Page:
Folly. What kind of foolish name is that to give your resort? Msteeewwww…
Our time at Axim Beach Hotel (ABH) soon came to an end. Three nights had passed before we knew it. We had an amazing sendoff the night before. Nana’s birthday was a blast. I did some fire bending by the bonfire and we feasted on fish, lobster, octopus and 7 different sides (that I can remember). A particular DJ whom she had hired (and who will remain nameless) did not show up, albeit for good reason, and we had to rely on Chanelle and Emefa’s spinning skills, which proved interesting. We danced to everything from Azonto to some ubiquitous UK garage mix. The night ended when we did the electric slide to Cameo. It was more like an electric train wreck than a slide. Like fried chicken and grits, some things are just better left done in the hands of Black Americans.
We said a long goodbye to ABH the next morning and set off for Fanta’s Folly. Nana thought it would be nice to extend the holiday for a few extra days, and had asked Ernestina – one of her friends who was not able to make the first leg of the trip – for a recommendation. The Folly was her suggestion.
“I’ve visited friends while they were here, although I didn’t stay the night myself, I really liked it.”
Upon Ernestina’s recommendation, it was decided that we would carry on the merriment there.
Emefa and I – who are both wordsmiths in our own right – were more than a little concerned about the resort’s moniker.
“Hmmm. I hope it won’t be folly to go to Fanta’s Folly,” she hummed. “Particularly after the great time we’ve had here at Axim.”
“I was just thinking the same thing!” I exclaimed.
Nana did not see our point.
“A ‘folly’ is something light-hearted and whimsical,” she said.
That was not our understanding of the word ‘folly’. The back and forth over the semantics ended when I whipped out Merriam-Webster’s dictionary on my iPhone and it was confirmed that a folly ‘was defined as lack of good sense or normal prudence and foresight’. It is a foolish act or idea. None of this bode well in my mind, but I could appreciate the owners’ desire to use alliteration in naming their property. I quite enjoy alliteration, even when executed poorly.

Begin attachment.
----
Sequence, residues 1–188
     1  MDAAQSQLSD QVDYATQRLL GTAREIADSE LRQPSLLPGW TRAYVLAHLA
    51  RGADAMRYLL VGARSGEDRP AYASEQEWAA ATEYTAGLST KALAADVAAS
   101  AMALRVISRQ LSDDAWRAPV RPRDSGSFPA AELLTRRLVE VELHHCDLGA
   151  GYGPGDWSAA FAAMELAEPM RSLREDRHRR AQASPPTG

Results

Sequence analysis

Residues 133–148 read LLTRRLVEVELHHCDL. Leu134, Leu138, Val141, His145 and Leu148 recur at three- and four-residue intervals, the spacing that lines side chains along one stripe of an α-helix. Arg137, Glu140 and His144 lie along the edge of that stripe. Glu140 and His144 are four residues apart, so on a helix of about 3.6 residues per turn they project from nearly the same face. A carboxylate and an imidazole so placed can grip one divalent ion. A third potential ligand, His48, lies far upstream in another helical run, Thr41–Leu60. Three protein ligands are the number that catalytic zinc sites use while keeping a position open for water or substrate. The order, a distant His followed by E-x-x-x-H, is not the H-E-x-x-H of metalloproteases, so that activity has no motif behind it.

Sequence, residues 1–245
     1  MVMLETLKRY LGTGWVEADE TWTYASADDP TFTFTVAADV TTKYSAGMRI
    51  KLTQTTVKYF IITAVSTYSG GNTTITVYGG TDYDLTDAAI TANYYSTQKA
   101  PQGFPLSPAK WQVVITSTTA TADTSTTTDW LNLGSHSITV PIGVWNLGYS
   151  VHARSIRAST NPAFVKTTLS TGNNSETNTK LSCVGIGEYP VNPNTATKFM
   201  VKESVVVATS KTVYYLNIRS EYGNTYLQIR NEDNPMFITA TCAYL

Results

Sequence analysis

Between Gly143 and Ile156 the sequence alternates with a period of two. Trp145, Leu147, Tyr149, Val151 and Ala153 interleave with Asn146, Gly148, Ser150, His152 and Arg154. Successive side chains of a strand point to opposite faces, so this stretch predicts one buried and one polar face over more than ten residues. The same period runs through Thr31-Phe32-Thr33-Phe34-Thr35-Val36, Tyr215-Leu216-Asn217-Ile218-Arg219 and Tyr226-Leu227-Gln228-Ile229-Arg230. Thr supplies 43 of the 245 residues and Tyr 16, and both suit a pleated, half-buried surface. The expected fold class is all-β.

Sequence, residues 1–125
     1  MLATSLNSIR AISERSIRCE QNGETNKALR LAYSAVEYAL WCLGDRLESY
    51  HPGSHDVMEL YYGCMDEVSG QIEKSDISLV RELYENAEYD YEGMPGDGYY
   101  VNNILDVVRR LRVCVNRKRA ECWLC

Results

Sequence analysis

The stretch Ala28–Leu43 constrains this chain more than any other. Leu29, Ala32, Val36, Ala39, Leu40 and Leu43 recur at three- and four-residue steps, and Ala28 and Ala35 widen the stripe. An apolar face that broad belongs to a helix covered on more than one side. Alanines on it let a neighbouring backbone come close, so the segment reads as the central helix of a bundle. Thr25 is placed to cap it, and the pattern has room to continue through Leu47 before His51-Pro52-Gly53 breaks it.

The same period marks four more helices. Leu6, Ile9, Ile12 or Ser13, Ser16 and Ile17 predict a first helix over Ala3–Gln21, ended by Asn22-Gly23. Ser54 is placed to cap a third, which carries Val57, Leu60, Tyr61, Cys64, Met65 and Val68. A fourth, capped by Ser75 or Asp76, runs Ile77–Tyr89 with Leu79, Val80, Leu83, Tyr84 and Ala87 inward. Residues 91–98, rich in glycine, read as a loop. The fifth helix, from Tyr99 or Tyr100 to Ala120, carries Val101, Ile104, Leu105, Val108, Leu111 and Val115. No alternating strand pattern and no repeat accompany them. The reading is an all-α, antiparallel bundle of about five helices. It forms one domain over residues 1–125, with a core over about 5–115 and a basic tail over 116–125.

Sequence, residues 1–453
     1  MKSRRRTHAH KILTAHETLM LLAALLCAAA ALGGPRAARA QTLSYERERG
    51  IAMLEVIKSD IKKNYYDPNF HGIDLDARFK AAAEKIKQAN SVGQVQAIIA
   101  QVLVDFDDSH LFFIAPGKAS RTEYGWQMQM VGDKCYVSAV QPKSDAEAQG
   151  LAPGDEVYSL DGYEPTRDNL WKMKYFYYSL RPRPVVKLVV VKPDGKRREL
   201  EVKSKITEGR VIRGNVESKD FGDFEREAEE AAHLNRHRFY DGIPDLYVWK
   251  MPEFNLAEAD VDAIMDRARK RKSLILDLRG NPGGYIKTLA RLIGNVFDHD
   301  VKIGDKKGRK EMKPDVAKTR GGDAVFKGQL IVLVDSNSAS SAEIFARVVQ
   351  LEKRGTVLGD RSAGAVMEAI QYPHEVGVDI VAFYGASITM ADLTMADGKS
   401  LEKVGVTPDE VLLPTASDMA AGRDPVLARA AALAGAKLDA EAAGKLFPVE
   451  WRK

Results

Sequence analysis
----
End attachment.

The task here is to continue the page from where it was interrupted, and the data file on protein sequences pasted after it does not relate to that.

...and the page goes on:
We went through Takoradi to have lunch at Captain Hook’s and to say goodbye to Mariel and the Twins. She wanted to get back to Accra to see about her car and did not join us for the next half of our holiday. Ernestina was flying in and was going to rendezvous with us at the restaurant as well. Portia and Chanelle had left separately in a taxi and went straight on to the Folly, where Chanelle’s American boyfriend would be joining us for two days.
Fanta’s Folly is located at the end of a labyrinth of dirt roads and bamboo plantations, which housed some slightly schizophrenic neighbors. We saw a sign posted that both welcomed us and told us to go away. Fortunately, that was not our final destination. After what seemed like an eternity, we ended up at the resort. There were 4 big white 4×4’s parked in the lot, which said that there were expatriates afoot. I was correct in my assessment.
The entrance to Fanta’s Folly brings you to the rear of all the buildings. There is no way to conveniently see when guests are leaving or approaching, which is why I surmised that no one came to greet us or help us with our bags. As Nana, Emefa and I walked through a dirt path in the garden towards the front of a building we hoped was reception, we saw Portia and Chanelle sunning themselves on the beach. Portia leapt up and bounded towards us like a mahogany Baywatch babe.
“You’re here! You’re here!” she squealed. “Our rooms are already ready.”
“Great!” said Emefa enthusiastically.
The three of us looked around, waiting for someone other than our friend to greet us. There was a skinny Black woman with patchy skin seated at a wooden dining table with three White men in her company. I thought this might be Fanta, as I heard that she was Francophone and married to a Frenchman. She stood up and approached us after we had greeted the group.
“The room is already unlocked,” she said with a half-smile. “You can just go.”
I saw Nana’s shoulders stiffen. This was not the kind of service she was accustomed to. Portia informed us which rooms were ours and began to lead us away.
“Just go, just go!” urged Fanta.
So we went…dragging our luggage behind us the entire way.
Emefa had made a last minute decision to stay, so she was going to be in a room all alone. Chanelle and Colin (her boyfriend) were going to make wild jungle noises in the chalet next to hers; Portia and Ernestina were bunking together and Nana and I shared a room. Despite the less than cordial reception, we were all very impressed with the property from the outside.
“It’s like rustic glam!” I gushed.
“I like the way the buildings are on stilts,” Nana added.
We unpacked and looked around. The bathroom was modern, and had beautiful glass tiles on the walls. It was very spacious with angular fixtures. There were two beds in the room, both with blue mosquito nets above them. I liked the décor very much, but I couldn’t wait to hit the beach.